By Jonny Lupsha, Wondrium Staff Writer
Sickle cell disease affects approximately 100,000 Americans. It’s a genetic issue that centers around the red blood cells in the human bloodstream. What does sickle cell disease do to sufferers?
Millions of people worldwide suffer from sickle cell disease. The genetic disorder leads to sickle-shaped red blood cells circulating throughout the bloodstream, with very dangerous outcomes. These sickle-shaped cells can block blood flow, which in turn can permanently damage parts of the body or even be fatal. Those living with sickle cell disease often face life-threatening emergencies and need regular blood transfusions.
Two drug companies recently announced that they’re seeking gene therapy approval from the Food and Drug Administration (FDA) that could provide a cure for sickle cell disease, making the disease become a thing of the past. In the meantime, let’s brush up on your knowledge of how the disorder works.
In his video series Understanding Genetics: DNA, Genes, and Their Real-World Applications, Dr. David Sadava, Adjunct Professor of Cancer Cell Biology at the City of Hope Medical Center, breaks down the fundamentals of sickle cell disease.
What Does Sickle Cell Disease Do to the Body?
Sickle cell disease wreaks havoc in the bloodstream. In order to get a clearer picture, consider this portrait of healthy red blood cells.
“Normal red blood cells carry hemoglobin and they’re donut shaped,” Dr. Sadava said. “They’re flexible so they can pass through narrow blood channels called capillaries, so they can kind of squeeze their way through. Red blood cells have a lifetime of about 120 days in the bone marrow, and then they die and new cells are made afterwards to replace them.”
Sickle red blood cells, however, are very different. They get their name from their shape, and they’re also very brittle. These cells can clump together and block the capillaries. This starves tissues of the oxygen they need, which is usually carried by the other, healthy red blood cells. Sickle cells also die after just 16 days, and bone marrow can’t replace blood cells that quickly, causing sufferers to have low blood counts—in other words, anemia. In fact, the disease used to be called sickle cell anemia.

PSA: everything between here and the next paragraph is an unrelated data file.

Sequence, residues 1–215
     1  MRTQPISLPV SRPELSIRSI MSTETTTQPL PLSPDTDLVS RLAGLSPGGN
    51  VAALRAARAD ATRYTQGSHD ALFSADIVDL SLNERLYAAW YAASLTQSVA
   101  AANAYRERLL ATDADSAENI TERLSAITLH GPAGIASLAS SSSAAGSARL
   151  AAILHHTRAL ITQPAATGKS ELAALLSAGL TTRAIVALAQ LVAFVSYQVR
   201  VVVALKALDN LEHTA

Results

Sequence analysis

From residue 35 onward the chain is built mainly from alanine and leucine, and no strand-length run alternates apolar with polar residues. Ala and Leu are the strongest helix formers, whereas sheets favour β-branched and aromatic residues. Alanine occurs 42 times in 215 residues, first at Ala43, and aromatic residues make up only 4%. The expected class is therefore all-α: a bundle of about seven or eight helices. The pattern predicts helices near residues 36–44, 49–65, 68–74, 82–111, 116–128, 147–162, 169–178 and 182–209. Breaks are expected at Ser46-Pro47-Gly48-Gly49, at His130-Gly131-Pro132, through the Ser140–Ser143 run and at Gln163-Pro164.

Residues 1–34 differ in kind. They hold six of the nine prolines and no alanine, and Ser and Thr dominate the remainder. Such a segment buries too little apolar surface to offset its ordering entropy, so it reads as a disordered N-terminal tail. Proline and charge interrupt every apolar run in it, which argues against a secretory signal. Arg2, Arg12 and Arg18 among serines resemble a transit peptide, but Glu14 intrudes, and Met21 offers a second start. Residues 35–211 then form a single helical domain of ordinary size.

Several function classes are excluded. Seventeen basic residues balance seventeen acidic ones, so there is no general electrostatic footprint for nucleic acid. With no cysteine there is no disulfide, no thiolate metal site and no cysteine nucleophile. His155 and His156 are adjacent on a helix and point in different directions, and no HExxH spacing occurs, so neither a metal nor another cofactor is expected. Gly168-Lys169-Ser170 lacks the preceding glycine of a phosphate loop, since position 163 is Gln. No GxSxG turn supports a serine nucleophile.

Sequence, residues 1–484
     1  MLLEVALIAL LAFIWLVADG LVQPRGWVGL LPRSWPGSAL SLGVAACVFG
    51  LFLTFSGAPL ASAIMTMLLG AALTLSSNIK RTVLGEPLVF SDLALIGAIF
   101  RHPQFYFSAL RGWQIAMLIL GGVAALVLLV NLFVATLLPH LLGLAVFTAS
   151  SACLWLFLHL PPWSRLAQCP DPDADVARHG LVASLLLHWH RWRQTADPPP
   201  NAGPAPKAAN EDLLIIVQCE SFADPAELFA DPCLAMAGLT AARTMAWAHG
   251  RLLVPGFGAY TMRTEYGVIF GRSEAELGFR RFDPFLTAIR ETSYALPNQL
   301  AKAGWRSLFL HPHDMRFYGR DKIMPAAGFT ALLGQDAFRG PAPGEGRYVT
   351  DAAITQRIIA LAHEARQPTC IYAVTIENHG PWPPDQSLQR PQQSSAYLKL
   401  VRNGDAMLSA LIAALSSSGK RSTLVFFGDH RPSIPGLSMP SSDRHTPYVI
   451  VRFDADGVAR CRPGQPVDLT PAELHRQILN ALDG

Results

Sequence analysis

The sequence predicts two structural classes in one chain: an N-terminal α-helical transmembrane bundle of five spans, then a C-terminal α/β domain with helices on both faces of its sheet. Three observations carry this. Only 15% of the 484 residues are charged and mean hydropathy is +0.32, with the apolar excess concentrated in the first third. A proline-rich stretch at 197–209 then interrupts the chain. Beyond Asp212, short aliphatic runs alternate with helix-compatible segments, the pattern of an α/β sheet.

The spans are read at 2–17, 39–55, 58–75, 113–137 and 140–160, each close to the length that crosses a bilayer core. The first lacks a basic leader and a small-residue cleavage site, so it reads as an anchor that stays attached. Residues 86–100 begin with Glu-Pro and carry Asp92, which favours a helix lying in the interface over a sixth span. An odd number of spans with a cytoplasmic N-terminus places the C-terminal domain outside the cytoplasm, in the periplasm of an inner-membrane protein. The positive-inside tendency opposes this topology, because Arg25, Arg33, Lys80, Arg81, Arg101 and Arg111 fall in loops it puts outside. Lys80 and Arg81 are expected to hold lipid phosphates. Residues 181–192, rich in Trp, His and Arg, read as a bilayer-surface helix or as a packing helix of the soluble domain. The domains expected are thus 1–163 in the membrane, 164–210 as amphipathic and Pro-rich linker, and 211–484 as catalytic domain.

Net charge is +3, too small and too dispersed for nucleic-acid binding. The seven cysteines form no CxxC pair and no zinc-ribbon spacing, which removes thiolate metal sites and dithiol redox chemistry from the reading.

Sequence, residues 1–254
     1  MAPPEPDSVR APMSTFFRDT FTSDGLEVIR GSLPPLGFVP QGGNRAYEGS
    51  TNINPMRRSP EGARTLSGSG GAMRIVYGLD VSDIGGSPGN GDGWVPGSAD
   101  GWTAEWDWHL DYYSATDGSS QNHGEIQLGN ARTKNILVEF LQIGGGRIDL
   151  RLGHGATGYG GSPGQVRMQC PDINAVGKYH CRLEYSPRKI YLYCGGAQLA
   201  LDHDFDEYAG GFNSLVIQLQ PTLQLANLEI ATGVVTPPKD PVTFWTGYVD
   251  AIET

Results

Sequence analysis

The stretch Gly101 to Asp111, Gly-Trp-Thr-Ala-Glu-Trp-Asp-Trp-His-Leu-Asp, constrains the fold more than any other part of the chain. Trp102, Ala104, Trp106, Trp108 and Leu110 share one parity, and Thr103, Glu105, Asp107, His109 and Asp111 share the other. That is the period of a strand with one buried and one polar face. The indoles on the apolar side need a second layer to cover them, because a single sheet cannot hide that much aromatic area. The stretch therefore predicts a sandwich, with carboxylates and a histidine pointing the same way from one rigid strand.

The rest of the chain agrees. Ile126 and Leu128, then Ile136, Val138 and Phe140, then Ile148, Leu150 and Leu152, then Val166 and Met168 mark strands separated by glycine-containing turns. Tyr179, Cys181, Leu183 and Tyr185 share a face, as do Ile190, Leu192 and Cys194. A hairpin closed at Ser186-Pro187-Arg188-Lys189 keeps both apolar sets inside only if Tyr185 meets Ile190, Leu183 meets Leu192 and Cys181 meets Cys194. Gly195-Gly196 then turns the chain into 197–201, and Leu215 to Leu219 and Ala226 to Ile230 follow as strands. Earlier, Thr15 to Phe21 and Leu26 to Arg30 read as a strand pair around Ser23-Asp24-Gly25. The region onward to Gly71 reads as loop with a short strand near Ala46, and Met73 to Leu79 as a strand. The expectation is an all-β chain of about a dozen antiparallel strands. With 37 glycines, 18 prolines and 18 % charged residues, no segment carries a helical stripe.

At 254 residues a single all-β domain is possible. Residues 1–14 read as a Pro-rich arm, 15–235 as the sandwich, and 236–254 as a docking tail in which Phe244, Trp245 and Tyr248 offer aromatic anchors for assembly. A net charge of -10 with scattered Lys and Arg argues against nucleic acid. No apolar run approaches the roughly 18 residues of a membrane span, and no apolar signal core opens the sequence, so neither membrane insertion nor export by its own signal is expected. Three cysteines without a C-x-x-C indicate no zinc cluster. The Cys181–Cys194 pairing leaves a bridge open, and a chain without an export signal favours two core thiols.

Anemia is far from the only symptom.
“People with sickle cell disease have lung damage, spleen damage, and kidney damage,” Dr. Sadava said. “They have abdominal pain; they have pain in the legs and in the chest.”
Tragically, many people with sickle cell disease have strokes and even die at an early age.
How Is Sickle Cell Disease Contracted?
“The allele for sickle cell disease is inherited as a recessive,” Dr. Sadava said. “Of the 1,100 children born in the United States every year who have sickle cell disease, in most cases, their parents were healthy carriers. That is, they were healthy carriers of the harmful allele, and they had a normal allele, as well. Of course, they have a one in four chance, if they are carriers, of having a child with [the] disease.”
At the same time, the population distribution of sickle cell disease is very unusual. It originated in Africa and is still common there. In the United States, as Dr. Sadava mentioned, 1,100 children are born with sickle cell disease every year. Nigeria, by contrast, has just one-third of the U.S. population but 80,000 children per year are born with sickle cell disease.
“In 1954, a geneticist, Anthony Allison, found a similarity in the geographic distribution of sickle cell disease in Africa and Asia and malaria,” he said. “Knowing that the organism that causes malaria reproduces in part inside of red blood cells […] Allison proposed that people who are carriers of the sickle cell allele, or are homozygous for the allele, would be at a selective advantage for being resistant to malaria because their hemoglobin, in part or in whole, would be sickled, and would be abnormally shaped, so maybe the parasite can’t get in and reproduce.”
This phenomenon is known as a balanced polymorphism, or a balance between the good and the bad.
Understanding Genetics: DNA, Genes, and Their Real-World Applications is now available to stream on Wondrium.